MGM, 1934, 115 minutes
Cast: Wallace Beery, Leo Carillo, Fay Wray, Donald Cook, Stuart Erwin, Henry B. Walthall, and Josepth Schildkraut
Screenplay: Ben Hecht
Based on the book by Edgecumb Pinchon and O. B. Stade
Producer: David O. Selznick
Director: Jack Conway
Although Mexico had prospered under the thirty-four-year dictatorship of Porfiro Diaz, social tensions were bubbling below the surface, leading to the Mexican Revolution (1910-1920). When Francisco Madero organized a revolution in November 1910, his middle-class supporters were crushed by Diaz’s ruthless intelligence apparatus but the uprising unleashed powerful social forces. In the northern states of Chihuahua and Coahuila, Pascal Orozco and Pancho Villa led a revolt by villagers tired of the iron grip of a local faction. Rebellion had broken out in the southern states as well, and one of the more effective leaders was a village chief in Morelos named Emiliano Zapata. Faced with rebellions in eighteen states, Diaz resigned on May 25, 1911, and fled the country. Madero shocked his supporters by refusing to purge the government of Diaz loyalists. An idealist, Madero hoped to win over the army and the elite, but they conspired with Generals Bernardo Reyes and Felix Diaz, the dictator’s nephew, to launch a coup in February 1913. Madero mistakenly placed his trust in General Victoriano Huerta, who switched sides, deposed Madero, and then betrayed Diaz by making himself president.
News of Madero’s murder led Villa to return to guerrilla warfare against Huerta. Zapata had never actually stopped fighting since Madero had refused to approve large-scale land reform, but Huerta was confident he could handle both of them. To his surprise, he received little support from the rich. Members of the elite had supported Diaz and Reyes to get their privileged positions back but Huerta believed that Mexico existed to support the army, and refused to even pretend to believe in democracy. The situation worsened when Venustio Carranza, governor of Coahuila, assumed leadership of the revolution. Despite Huerta’s contempt, Villa had built up a professional army, while Zapata had become a skilled guerrilla, who organized rebellions in several states. Huerta should have realized that his time was up when the Americans occupied Vera Cruz to avenge a minor diplomatic insult, and none of his opponents heeded his call to unite against the foreigners. Huerta would have been overthrown sooner but Carranza resented Villa’s insistence on autonomy, and gave more resources to Alvaro Obregon, a more loyal general.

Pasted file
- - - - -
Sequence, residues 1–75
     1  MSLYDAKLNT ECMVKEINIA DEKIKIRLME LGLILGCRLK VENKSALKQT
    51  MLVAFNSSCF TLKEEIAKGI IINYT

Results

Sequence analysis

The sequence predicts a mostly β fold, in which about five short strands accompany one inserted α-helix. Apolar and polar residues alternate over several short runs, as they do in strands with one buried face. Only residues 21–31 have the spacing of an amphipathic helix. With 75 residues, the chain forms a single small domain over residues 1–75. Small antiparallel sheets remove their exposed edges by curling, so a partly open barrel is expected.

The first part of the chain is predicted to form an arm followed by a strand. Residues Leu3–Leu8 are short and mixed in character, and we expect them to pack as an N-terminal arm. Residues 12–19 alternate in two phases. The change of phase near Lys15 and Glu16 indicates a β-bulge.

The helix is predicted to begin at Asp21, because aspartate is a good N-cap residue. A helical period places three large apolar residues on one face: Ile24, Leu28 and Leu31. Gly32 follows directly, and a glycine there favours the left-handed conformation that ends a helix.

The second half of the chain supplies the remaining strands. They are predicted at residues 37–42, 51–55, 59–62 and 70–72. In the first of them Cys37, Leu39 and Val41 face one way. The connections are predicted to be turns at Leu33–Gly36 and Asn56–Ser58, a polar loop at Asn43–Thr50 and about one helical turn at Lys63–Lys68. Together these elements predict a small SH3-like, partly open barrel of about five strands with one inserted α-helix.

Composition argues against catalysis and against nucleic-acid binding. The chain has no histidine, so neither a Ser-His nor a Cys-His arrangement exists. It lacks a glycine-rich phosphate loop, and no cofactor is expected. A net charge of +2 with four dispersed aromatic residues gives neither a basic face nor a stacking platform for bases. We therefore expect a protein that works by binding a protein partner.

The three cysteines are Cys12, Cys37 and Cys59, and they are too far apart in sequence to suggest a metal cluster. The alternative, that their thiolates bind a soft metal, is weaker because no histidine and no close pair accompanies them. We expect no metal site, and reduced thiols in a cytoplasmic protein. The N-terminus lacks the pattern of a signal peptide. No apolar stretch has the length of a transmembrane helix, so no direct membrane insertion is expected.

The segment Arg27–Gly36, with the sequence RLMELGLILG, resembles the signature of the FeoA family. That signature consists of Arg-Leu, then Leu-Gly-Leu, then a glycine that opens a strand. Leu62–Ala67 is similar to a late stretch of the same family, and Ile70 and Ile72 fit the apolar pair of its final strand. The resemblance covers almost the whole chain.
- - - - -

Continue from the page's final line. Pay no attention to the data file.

Huerta resigned on July 15, 1914 and fled to exile in Barcelona, Spain. Carranza thought that he was the natural choice for president, but Villa and Zapata had the two largest armies in Mexico, and they both detested Carranza. Too independent to work together, their sole accomplishment was to deny Carranza the presidential chair. Carranza on his own was no match for either Villa or Zapata but Obregon still nursed a grudge from when Villa had tried to execute him. Since Zapata had little interest in events outside of Morelos, Villa was left to face Obregon alone. Several battles later, Villa had been exposed as simply a charismatic cavalry leader, and when he limped back to Chihuahua, he no longer had the largest army in Mexico. Angered by President Woodrow Wilson’s increasingly blatant support for Carranza, Villa raided Colombus, New Mexico in March 1916. A Punitive Expedition of 10,000 men was sent into Mexico, but it was a great embarrassment to everyone involved that Villa had not only eluded capture but had become a hero.
Tired of the constant warfare that had turned Morelos into a burned-out hulk, many zapatista leaders simply refused to fight, and a desperate Zapata was assassinated in April 1919. Carranza made a fatal error when he opposed Obregon’s candidacy for president and ordered his arrest. Obregon won the support of most of the army and Carranza was killed trying to flee Mexico in May 1920. Obregon had not forgiven Villa’s attempt to execute him, but allowed him to retire in exchange for peace, which ended the revolution after ten long, blood-soaked years.
The son of a villager who had been whipped to death for protesting the illegal seizure of the village’s land by the owner of a local estate, Pancho Villa (Wallace Beery) grew up to be a powerful bandit. Although the government hangs anyone suspected of causing trouble for the rich landowners, Villa boldly raids towns to avenge the weak villagers. Suddenly, a strange, gentle man called Francisco Madero (Henry B. Walthall) launches a revolution. Falling under his spell, Villa joins Madero, and recruits hundreds of villagers for Madero’s army. Villa wins victory after victory but Madero orders him to serve under General Pascal (Joseph Schildkraut) as a punishment for killing wounded soldiers. President Porfiro Diaz abdicates after the capture of Ciudad Juarez, and Madero becomes president. Arrested by the army for robbing a bank, Villa is saved from execution by Madero, who exiles him. When Madero insists on introducing a radical land reform bill that will protect villages’ land, the generals seize power. Villa returns from exile, raises an army, and makes himself president. Remaining in Mexico City long enough to sign the land reform bill, he returns home as soon as it becomes law. However, he still has enemies.
While Villa was hyper-emotional, Beery’s version is far too buffoonish. Villa is frequently shown drunk, but the real man was a teetotaller. Aside from Beery’s ham acting, the screenplay does present Villa’s habit of marrying all of the women that he slept with, so they could keep their honor.
The screen Madero does have an otherworldly look about him, although there is no mention of his belief that he was in regular contact with spirits. It is true that Villa was extremely impressed with Madero, and was very loyal, but this loyalty was not returned by Madero. Despite the repeated man-hugging between Madero and Villa, the real Madero was not that fond of Villa, and dropped him as soon as the fighting was over. Blind to the contradiction, Madero wanted a nice, orderly revolution, and forgot that he owed his victory to violent men like Villa. Moreover, Madero feared that land reform would damage the economy, so he tried to crush the zapatista movement, which focused solely on land reform, therefore it is strange to see the screen Madero devoting his life to land reform.